And remember there are plenty of other alternatives people have invented over the years: most of them only suitable for one or two keys (like DADGAD and various open tunings), but some, like Fripp's CGDAEG, designed to be at least as adaptable as EADGBE. Notice he still has a rogue interval: 5ths all the way, except for the minor 3rd on top. I'm guessing (like EADGBE) this is to put the top string in a good harmony with the lower strings, esp the 6th and 5th. (Or maybe trying to find a 1st thin enough to tune up to B was a stretch too far...)
    The "it's always been done this way" argument is neither correct nor relevant really. A casual look at a broader instrument spectrum reveals that there are a lot of different tunings used, including P4, that don't conform to octave displaced outer strings or the odd 3rd stuck in the mix.
    Stringed instrument tunings - Wikipedia, the free encyclopedia

    Another comment: I played std tuning for almost 25 years before I switched (yes, I'm old). I was playing all the stuff from the Real Book and was comfortable with the tuning....that is till I started trying to play Parker heads in all keys and string sets. That was both my Waterloo and my epiphany. Being an engineer I examined the problem and came up with a logical solution. As stated before there was a learning curve and no guidance so it was definitely a solitary road. Still the ROI (for me) has been well worth it.

    Would I recommend it to other players? Well it depends on their goals and circumstances. If they want to play just like their idols, then it's probably best to tune like them. If they want to focus more on the music than the fretboard, then yes - but learn to read and acquire a little theory, it's a must because there's no one to help out.

  10. #9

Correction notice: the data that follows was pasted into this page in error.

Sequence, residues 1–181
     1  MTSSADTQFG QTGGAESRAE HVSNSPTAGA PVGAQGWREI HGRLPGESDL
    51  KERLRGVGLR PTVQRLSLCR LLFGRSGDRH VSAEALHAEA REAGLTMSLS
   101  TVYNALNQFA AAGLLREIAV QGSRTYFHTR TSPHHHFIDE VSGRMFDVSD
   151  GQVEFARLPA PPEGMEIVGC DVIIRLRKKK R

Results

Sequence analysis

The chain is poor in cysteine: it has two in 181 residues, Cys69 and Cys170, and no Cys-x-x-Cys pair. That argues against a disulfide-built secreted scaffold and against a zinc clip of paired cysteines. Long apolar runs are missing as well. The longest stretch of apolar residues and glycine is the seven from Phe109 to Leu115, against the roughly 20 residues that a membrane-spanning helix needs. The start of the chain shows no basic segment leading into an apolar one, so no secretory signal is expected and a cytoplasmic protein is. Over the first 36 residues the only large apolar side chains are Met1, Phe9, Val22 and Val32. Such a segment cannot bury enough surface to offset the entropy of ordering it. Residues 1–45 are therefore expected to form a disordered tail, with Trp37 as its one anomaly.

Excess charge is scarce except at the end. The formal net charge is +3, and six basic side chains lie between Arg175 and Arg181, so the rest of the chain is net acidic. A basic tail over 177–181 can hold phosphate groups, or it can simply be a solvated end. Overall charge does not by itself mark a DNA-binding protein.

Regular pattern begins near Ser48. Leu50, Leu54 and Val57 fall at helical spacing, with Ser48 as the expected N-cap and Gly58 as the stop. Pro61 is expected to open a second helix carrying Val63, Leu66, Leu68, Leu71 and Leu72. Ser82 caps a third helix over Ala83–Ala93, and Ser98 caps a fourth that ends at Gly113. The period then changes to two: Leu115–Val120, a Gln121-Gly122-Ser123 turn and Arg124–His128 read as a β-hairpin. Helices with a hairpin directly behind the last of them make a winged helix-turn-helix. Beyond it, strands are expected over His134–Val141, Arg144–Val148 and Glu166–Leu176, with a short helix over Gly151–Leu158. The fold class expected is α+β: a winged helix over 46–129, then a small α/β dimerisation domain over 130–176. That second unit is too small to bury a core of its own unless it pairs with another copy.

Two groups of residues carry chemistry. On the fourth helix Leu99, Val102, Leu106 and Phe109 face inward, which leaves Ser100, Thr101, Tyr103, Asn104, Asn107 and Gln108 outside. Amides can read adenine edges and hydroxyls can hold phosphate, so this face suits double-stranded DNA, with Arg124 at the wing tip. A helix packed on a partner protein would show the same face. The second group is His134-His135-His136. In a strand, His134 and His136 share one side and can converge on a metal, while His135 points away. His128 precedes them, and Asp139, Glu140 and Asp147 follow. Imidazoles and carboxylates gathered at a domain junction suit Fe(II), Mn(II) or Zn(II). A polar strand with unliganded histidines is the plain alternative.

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    Quote Originally Posted by ScatterLogic View Post
    I'm trying to steal all your licks
    No theft required. Ask and ye shall receive, that is if I even know what I did.

  11. #10
    Quote Originally Posted by ScatterLogic View Post
    But on the other hand, as 4ths said...there have been a lot of other tunings that don't include the 3rd. And I submit that at least 2 of them are very successful: the bass and violin/mandolin tunings.

    Neither 4ths or 5ths tuning on these instruments hamper their abilities to create great music in any musical form. Solo or chord-wise.
    I think the real difference between the guitar (or lute for that matter) is the chord factor. The instruments above are not chord instruments in the same sense that the guitar is. I'll give you the mandolin, but its small scale makes this point irrelevant. If you take into consideration the harmonic emphasis of the guitar/lute and the type of harmony popular at the time standard tuning was "standardized", the 3rd makes a lot of sense.

    I may be wrong, but I would assume that most music written for guitar/lute is based on utilizing open chords, mostly triads, with a few dominant chords thrown in. If you limit the discussion of the benefits of standard tuning strictly to the instrument's traditional use of simple harmony, I think there's a lot less room for debate.

    Isn't the appeal of 4ths tuning for jazz related to the complexity of the harmony and the fact that open strings aren't a priority? I would suspect that modern harmony is the real leveling factor here. Take out the emphasis on cowboy chords and it's a whole new ballgame.
    Last edited by matt.guitarteacher; 08-13-2011 at 07:21 PM.

  12. #11

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    Quote Originally Posted by matt.guitarteacher View Post
    I think the real difference between the guitar (or lute for that matter) is the chord factor. The instruments above are not chord instruments in the same sense that the guitar is. I'll give you the mandolin, but its small scale makes this point irrelevant. If you take into consideration the harmonic emphasis of the guitar/lute and the type of harmony popular at the time standard tuning was "standardized", the 3rd makes a lot of sense.

    I may be wrong, but I would assume that most music written for guitar/lute is based on utilizing open chords, mostly triads, with a few dominant chords thrown in. If you limit the discussion of the benefits of standard tuning strictly to the instrument's traditional use of simple harmony, I think there's a lot less room for debate.

    Isn't the appeal of 4ths tuning for jazz related to the complexity of the harmony and the fact that open strings aren't a priority? I would suspect that modern harmony is the real leveling factor here. Take out the emphasis on cowboy chords and it's a whole new ballgame.
    I sort of agree with you.

    Std tuning seems optimized for simpler harmonies within the limited CAGED key set. As harmony and tastes evolved, the guitar's tuning changed from being an efficient vehicle for musical accompaniment to something more challenging, nowhere near as bad as an autoharp in a jazz jam, but still confounding to too many players.